The Metropolitan Transit Authority (MTA) is the San Francisco city department that handles parking and transportation. It’s all municipal stuff – buses, light rail, parking enforcement, with one curious private sector exception – taxis.
Take a look at this screen grab from its website:
A “taxi town”?
But the city’s relationship with taxis goes much deeper. Taxis enjoy benefits their competitors, such as Uber and Lyft, can’t partake in, like dedicated stands, special airport access and, most importantly, exclusive lanes on streets shared only with buses.
In fact, city money – your tax dollars – seem to be single-handedly keeping the taxi industry afloat. The MTA’s 2020 operating budget spends $39,300,000 on them.
SF funnels this money to the cab companies through reimbursable rides for city employees and even free rides for citizens:
And city leaders clearly favor taxis over competitors. Consider this article, written by Supervisor Matt Haney, attacking Uber and Lyft for hiring drivers as independent contractors. Notice that taxis aren’t mentioned, despite many having been ICs for decades. Or this one by Mayor London Breed, defending taxis and suggesting competitors face higher taxes.
It gets weirder. Luxor Cab has been hailed (no pun intended) a “legacy business“, meaning it gets 500 of your tax dollars per year for every person it employs, just for being awesome.
Despite all the favoritism, taxi industry in SF is a big, corrupt mess, thanks to both its own practices, and those of the city. Let’s take a look at what’s broken, and how to fix it.
A new way to get around town changes everything
Call it the Revolution of ’09. A few years into the new century, a better type of shared transport swept into San Francisco, seemingly overnight. Instead of waiting for Muni, residents now could cheaply be driven in private vehicles wherever they wanted to go. And they could summon these cars with their finger. The public loved it.
I’m talking, of course, about the taxi revolution of 1909. That was the year taxis arrived in SF and exploded in popularity. Here’s how Fay Beal, an early taxi entrepreneur, described them:
There are no longer any such things as lost trains and lateness at appointments. There are taxicabs everywhere, and the raising of a finger brings one of them to one’s side. Their charges are so reasonable that they can be used by almost anyone…SF Chronicle, April 4, 1909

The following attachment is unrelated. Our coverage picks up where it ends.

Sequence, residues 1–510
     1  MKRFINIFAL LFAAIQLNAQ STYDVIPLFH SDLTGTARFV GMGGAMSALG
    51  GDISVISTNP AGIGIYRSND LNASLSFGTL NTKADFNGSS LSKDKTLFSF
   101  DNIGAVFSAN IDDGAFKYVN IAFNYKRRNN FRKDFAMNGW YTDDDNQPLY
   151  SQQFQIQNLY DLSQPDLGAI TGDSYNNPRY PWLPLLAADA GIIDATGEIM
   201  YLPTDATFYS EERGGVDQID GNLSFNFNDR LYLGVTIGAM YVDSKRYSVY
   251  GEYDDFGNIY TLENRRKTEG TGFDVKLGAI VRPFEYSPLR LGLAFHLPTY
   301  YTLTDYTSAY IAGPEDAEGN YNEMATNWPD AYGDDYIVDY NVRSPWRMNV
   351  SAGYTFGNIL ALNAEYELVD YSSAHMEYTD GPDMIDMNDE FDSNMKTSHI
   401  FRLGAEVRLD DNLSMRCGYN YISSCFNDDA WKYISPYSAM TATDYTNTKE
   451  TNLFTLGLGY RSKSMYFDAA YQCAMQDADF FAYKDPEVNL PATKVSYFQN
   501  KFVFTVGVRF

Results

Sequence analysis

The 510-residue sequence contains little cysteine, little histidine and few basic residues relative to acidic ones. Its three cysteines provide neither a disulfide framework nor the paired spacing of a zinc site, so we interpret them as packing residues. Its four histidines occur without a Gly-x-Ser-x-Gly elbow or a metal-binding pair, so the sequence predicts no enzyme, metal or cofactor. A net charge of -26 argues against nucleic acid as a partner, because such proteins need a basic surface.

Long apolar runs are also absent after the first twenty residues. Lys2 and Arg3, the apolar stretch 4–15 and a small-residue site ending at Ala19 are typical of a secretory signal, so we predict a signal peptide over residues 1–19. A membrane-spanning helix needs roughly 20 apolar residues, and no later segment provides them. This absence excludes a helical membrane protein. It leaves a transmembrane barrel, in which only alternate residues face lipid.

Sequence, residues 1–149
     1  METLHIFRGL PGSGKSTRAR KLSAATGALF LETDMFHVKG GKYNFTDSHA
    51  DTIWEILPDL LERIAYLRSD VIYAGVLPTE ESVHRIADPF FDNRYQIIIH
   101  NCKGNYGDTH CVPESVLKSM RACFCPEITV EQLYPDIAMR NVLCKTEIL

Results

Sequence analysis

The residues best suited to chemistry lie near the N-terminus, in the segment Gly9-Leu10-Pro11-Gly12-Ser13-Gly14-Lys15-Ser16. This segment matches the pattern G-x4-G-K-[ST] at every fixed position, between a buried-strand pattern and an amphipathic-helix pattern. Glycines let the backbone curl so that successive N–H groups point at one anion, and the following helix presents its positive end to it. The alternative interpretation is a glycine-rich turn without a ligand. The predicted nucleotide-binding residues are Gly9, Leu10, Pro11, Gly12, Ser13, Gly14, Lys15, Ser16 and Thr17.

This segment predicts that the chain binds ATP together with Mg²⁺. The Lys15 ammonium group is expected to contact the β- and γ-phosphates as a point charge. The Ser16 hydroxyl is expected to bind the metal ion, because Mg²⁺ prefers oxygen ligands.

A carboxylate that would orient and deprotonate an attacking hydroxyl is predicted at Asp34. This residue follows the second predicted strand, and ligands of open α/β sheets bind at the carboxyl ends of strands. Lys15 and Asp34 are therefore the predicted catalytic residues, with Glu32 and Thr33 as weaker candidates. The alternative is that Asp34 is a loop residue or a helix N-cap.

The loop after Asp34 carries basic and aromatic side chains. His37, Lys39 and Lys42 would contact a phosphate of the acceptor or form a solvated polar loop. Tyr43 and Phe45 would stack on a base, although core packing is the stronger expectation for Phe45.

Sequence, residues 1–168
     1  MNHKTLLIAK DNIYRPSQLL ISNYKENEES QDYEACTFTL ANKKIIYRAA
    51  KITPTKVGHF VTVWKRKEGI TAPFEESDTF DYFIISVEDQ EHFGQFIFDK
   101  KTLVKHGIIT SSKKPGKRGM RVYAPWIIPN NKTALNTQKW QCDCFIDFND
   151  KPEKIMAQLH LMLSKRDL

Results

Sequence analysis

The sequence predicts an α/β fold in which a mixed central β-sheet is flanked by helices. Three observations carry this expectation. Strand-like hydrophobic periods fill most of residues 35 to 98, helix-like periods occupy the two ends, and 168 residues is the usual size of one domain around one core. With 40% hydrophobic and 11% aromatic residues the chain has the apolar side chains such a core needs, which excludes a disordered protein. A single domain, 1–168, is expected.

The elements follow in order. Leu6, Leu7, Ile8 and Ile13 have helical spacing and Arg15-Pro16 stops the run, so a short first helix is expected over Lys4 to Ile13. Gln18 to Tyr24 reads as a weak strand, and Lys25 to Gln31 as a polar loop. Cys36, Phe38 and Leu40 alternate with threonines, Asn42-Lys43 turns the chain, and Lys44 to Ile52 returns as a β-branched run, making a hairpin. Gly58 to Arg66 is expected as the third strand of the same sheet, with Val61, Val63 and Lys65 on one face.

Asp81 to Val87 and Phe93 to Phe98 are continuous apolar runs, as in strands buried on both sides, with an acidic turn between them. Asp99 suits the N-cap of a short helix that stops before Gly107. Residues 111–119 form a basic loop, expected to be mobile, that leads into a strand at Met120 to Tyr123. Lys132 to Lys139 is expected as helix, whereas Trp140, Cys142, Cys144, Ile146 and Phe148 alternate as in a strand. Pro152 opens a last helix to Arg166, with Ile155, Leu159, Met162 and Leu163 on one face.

As much as people loved this new means of transport, problems quickly arose. Cabbies drove like mad men, and the papers contained almost daily stories of accidents. An especially fun one, from the Oct 1, 1909 Chron:
Beyond erratic driving, cabbies were a rough and tumble lot, and were accused of overcharging customers and other shady activities. So, in the same year they arrived in SF, city leaders began regulating them.
Before we go on, you should know that cities, as a rule, are really bad at regulating taxis. For example, this white paper analyzing America’s largest taxi markets found that:
All 44 cities studied regulate taxis tightly, adopting five of 10 major regulatory provisions on average, but the specific regulations they use vary widely. This suggests cities are making taxi policy absent a common understanding of what regulatory provisions, if any, are necessary to protect consumers.Regulatory Overdrive – Taxi Regulations, Market Concentration and Service Availability, 2018
SF’s attempt at regulation was even messier, because it mixed laws to protect riders with labor demands (like setting taxi meter rates and maximum hours worked) and traffic law enforcement generally, which hadn’t been addressed before taxis came along.
Around 1930 SF began issuing a fixed number of taxi permits, or “medallions”, which allowed a taxi to operate. Medallions were issued to taxi companies, and could be bought and sold. These medallions are at the center of today’s tale.
Regulation didn’t do much to clean up the taxi trade. An example from this excellent page on local history:
Between 1934 and 1936, the [taxi] drivers’ union underwent a period of internal strife marked by beatings, shootings and the burning of vehicles.
What regulation – allowing the government to largely determine the revenues and profits of the industry – did do was invite corruption. For much of the 20th century, a single company, Yellow Cab had a virtual taxi monopoly. It purchased and hoarded medallions to limit competition, and kept city leaders in its glove box:
Yellow dominated the local taxi business for the last 44 years, not only by providing the most taxi service, but by continued munificence to public officials: Campaign donations, Christmas gifts of taxi scrip and other favors.SF Examiner, Dec 7, 1976
And Yellow got some sweet perks for its troubles. It had a monopoly on airport access, and many prime taxi stands in the city were Yellow-only. The result:
San Francisco taxi rates are already the highest in the world. And with taxi permits sharply limited in number, cab licenses here are worth $20,000 and upward. But only – be it added – so long as Big Yellow clings to it 503 transferable permits and does not bottom the market by dumping same.Dick Nolan, SF Examiner, Feb 7, 1972